If I’m being honest the front itself is a bit untidy at the moment.  For the last year or so there’s been lots of work being done to reinforce the sea walls.  I think what we might have forgotten is that where Oyster Wharf now stand the sea once ruled.  It was only when building the railway that the land was reclaimed and the sea defences built.  It was probably high time for the walls to receive some TLC.  Again, on the positive note if you have grandchildren who love diggers, and which grand parent doesn’t, a trip to the front always has something new to see.

So where does the Mumbles Eye leave us.  Is this the start of a whole series of new Fun Fair style attractions?  This is where I have to share a strange and odd story.  I had always in my mind remembered an old ‘Rollercoaster’ somewhere near where the old tennis courts and bowling green now sit.  If I close my eyes I can see it on my right as we drove home along the Mumbles Road. 

A few years ago I was chatting to an old friend, sadly no longer with us.  Grafton Maggs loved a chat and as a man who had spent most of his life in the village he knew everything there was to know about its history. I asked him was I right in thinking there had once been such an attraction in Mumbles.  He said I was right. Mumbles was once the home of ‘The Figure Eight Railway and Fun fair.’  It had been built in the 1890’s and had been greatly used.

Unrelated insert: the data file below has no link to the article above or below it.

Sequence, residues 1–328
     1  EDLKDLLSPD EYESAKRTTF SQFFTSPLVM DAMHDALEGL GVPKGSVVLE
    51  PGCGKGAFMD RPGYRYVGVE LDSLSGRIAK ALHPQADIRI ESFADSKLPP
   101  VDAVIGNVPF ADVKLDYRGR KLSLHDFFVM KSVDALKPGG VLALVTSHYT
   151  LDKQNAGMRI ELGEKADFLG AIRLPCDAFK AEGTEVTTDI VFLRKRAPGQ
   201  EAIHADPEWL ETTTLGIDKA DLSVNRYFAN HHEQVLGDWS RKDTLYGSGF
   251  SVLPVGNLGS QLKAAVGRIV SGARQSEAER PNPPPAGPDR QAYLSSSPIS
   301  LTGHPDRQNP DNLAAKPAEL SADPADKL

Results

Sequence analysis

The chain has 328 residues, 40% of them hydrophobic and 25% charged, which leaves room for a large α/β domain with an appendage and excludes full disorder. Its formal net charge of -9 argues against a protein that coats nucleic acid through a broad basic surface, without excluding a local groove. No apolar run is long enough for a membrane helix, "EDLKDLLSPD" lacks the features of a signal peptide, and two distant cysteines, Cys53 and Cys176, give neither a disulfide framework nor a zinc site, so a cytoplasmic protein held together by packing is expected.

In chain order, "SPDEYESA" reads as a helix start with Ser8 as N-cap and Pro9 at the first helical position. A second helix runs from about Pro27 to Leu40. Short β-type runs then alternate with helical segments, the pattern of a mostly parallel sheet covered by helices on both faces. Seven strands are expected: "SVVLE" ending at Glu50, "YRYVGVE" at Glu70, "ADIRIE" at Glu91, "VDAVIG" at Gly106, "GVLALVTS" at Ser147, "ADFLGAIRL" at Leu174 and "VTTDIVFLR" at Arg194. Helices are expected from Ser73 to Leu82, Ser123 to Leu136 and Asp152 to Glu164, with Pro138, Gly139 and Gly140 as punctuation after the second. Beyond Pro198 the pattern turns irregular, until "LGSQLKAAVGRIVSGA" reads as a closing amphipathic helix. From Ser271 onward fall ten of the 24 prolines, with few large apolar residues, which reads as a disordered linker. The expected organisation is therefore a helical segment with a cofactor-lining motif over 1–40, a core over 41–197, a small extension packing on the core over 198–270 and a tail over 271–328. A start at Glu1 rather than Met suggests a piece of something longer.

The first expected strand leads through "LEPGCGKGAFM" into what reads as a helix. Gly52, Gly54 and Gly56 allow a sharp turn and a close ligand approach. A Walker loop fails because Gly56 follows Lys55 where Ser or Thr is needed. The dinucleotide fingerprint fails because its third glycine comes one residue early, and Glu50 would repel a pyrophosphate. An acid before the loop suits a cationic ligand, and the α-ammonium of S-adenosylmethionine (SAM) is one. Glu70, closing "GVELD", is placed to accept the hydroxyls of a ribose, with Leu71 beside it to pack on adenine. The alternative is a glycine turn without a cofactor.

I was delighted that I had been proved right.  The only problem was that Grafton told me the Figure Eight Roller-coaster had been moved to somewhere like Barry in the 1920s!!

Maybe that’s why when I saw the Mumbles Eye going up earlier this week I wanted to make sure I was really seeing things. 

So I decided I would pop down and get a close up view.  Boy it looks amazing.  I think they start taking bookings from this weekend but whether you take a ride or just go to see it, it will be worth the trip.

If you go during the daytime you can get ice cream on the way home.  If you go in the dark and see it all lit up, well pie and chips is still very much on the menu.